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Heaven knows, my son,
Henry IV. P. 2, A. 4, S. 1.
There is your crown;
Henry IV. P. 2, A. 4, S. 4. White beards have arm'd their thin and hairless
fcalps Against thy Majesty ; boys, with women's voices, Strive to speak big, and clasp their female joints In stiff unwieldy arms against thy crown.
Richard II. A. 3, S. 2.
-- If you hide the crown Even in your hearts, there will he rake for it : And therefore in fierce tempest is he coming, In thunder, and in earthquake, like a Jove, That, if requiring fail, he will compel.
Henry V. A. 2, S. 4, Many years of happy days befal My gracious sovereign, my most loving liege! Each day still better other's happiness; Until the heavens, envying earth's good hap, Add an iminortal title to your crown.
Richard II. A. I, S. I. He bids you, in the bowels of the Lord, Deliver up the crown; and to take mercy On the poor souls, for whom this hungry war
Opens his vafty jaws : and on your head
Henry V. A. 2, S. 4.
Henry VI. P. 3, A. 4, S. 6.
Within the hollow crown,
Richard II. A. 3, S. 2.
Henry VI. P. 3, A. 2, S. 2.
Henry VI. P. 3. A. 4, S. 7.
1 To make this shameless callat know herself.] Callat, a lewd woman, a drab, perhaps so called from the French calote, which was a sort of head-dress, worn by country girls.
STEEVENS. “ A callat,” is likewise a scold, a railer.
Edward soon after says, “ No wrangling, woman:” and when he stabs the prince, her fon, he uses the fame language, “ take that, thou likeness of this railer here!"
A. B. 2 The bruit]i. e. Noise:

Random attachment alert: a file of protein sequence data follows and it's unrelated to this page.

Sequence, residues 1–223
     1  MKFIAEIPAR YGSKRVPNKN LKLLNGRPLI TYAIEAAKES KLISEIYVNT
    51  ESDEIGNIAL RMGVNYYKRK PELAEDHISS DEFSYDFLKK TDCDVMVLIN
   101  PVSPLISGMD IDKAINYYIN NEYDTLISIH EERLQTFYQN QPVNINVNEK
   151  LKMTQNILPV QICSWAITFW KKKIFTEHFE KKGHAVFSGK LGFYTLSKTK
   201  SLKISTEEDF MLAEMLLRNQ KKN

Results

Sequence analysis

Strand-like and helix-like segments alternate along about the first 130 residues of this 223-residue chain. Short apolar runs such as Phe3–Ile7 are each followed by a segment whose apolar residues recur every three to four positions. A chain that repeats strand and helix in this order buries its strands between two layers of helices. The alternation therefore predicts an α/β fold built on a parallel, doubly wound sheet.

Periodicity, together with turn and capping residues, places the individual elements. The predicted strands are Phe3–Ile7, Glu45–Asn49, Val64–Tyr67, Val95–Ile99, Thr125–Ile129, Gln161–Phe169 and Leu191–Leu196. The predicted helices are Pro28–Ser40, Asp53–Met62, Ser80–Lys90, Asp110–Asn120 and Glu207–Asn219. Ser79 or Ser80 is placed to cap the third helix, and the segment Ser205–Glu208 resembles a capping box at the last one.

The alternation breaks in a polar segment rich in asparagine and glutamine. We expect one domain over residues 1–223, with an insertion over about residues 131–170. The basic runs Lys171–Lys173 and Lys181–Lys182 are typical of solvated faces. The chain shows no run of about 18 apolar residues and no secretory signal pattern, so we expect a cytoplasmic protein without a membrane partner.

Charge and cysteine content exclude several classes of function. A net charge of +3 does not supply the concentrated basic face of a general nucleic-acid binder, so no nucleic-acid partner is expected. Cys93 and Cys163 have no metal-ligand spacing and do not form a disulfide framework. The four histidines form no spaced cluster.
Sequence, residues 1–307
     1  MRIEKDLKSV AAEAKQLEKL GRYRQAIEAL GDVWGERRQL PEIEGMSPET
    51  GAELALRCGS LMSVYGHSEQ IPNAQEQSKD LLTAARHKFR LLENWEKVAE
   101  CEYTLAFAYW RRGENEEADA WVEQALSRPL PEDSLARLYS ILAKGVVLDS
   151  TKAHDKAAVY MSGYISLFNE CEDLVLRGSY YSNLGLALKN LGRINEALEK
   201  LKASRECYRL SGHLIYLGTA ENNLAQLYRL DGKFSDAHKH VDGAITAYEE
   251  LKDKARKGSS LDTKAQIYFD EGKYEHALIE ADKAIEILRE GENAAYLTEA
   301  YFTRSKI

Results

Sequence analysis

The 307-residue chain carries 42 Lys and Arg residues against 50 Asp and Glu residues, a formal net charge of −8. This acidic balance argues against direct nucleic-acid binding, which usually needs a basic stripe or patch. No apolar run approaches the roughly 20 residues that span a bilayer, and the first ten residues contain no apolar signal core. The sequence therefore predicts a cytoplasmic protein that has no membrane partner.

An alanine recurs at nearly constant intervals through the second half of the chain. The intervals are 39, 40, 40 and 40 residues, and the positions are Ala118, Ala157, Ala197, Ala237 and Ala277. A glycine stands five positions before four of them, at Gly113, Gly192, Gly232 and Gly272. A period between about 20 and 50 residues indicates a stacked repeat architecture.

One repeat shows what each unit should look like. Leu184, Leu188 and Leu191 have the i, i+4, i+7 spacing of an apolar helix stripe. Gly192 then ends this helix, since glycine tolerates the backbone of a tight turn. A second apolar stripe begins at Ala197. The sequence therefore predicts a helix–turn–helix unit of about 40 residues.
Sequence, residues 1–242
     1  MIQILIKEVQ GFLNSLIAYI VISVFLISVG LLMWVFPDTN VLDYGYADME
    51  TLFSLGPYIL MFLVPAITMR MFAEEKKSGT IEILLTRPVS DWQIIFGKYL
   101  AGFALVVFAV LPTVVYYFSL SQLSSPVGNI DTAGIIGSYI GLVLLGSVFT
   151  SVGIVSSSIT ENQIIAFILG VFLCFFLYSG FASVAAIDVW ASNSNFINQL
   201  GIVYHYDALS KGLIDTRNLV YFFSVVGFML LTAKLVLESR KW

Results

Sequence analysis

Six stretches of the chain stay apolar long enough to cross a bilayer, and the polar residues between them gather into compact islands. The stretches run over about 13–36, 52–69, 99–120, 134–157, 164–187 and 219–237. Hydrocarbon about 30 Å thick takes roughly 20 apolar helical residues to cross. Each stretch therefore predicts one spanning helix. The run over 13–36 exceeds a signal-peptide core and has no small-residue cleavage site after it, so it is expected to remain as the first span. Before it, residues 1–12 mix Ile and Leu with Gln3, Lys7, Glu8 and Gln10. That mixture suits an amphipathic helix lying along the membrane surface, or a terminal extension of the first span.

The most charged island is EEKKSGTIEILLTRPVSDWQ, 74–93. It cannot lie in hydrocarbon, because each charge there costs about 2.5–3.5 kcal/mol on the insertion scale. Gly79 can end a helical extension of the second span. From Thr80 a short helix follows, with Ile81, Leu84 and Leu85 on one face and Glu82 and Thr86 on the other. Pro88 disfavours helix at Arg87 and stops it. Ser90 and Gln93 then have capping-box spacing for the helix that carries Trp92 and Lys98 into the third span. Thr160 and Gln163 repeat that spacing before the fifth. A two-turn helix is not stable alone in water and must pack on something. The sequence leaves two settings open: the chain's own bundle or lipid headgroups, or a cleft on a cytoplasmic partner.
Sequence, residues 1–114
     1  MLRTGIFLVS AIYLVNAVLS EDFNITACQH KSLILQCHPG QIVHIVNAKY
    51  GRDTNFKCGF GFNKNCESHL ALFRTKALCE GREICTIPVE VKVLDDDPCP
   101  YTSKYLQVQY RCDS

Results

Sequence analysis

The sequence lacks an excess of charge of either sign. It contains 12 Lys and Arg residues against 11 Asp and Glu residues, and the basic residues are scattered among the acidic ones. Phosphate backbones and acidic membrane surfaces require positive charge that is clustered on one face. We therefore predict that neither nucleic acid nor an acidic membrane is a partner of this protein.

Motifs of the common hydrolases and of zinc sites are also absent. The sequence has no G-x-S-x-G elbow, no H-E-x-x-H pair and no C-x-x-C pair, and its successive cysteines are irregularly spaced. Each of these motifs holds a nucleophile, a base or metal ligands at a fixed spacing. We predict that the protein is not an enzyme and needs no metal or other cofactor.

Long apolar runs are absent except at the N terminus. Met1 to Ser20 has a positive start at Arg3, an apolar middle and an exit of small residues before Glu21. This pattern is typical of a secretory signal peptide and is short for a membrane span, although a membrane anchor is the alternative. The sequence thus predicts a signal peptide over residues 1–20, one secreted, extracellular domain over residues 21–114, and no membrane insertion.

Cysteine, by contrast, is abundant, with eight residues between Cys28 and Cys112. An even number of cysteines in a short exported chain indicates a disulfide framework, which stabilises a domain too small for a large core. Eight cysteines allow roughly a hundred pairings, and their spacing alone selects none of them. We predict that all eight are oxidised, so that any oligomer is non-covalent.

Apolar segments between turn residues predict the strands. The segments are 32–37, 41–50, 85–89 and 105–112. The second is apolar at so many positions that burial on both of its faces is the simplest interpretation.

STEEVENS. * Bruit,” French, is rather rumour than noise. A. B.
CUP I D.
Yet mark'd I where the bolt of Cupid fell :
Midsummer Night's Dream, A. 2, S. 2,
I might see young Cupid's fiery shaft
Midsummer Night's Dream, A. 2, S 20
Flying between the cold moon and the earth,
Midsummer Night's Dream, A. 2, S. 2.
I swear to thee by Cupid's strongest bow,
Midsummer Night's Dream, A. I, S. I.
When light wing'd toys
That my disports corrupt and taint by business,
And all indign and base adversities
Othello, A. 1, S. 32
Antony and Cleopatra, A, 2, S. 2,
Love's Labour Loft, A. 3, S. 1.
CU R. Huntfman, I charge thee, tender well
hounds: Brach Merriman,--the poor cur is imbost'.
Tam. Shrew. Induct. S. I.
hounds: Brach Merriman,--the poor eur is imboft. Sir J. Hanmer reads, “leach Merriman;" that is, apply fome remedies to Merriman, the poor cur has his joints (welld. Per
Henry V. A. 4, S. 4.
I'll read you matter, deep, and dangerous ;
3. The current, that with gentle murmur glides, 1 hou know'st, being stopp'd, impatiently doth rage.
Two Gent, of Verona, A. 2. S. 7.
CU RS E. Over thy wounds now do I prophesy Which, like dunb mouths, do ope their ruby lips,
haps we might read --- bathe Merriman, which is, I believe, the common practice of huntsmen.
JOHNSON If for 1 hounds," we read hound, and point the passage differently, the whole will be sufficiently clear. “ Huntsman, I charge thee, tender well my
hound 66 Brach Merriman :--the poor cur is imbost." A. B.
2 Brass, cur !] Either Shakespeare had very little knowledge of the French language, or his over-fondness for punning led him in this place, contrary to his own judginent, into an error. Almost every one knows that the French word bras, is pronounced braw; and what resemblance of sound does this bear to brass, that Pistol should reply, brass, cur ? RAWLINSON.
If the pronunciation of the French language be not changed since Shakespeare's time, which is not unlikely, it may be sufpected some other man wrote the French lines. JOHNSON.
The editors are mistaken. Bras is not pronounced braw, unless it be by the English. The s is always founded by a Frenchman,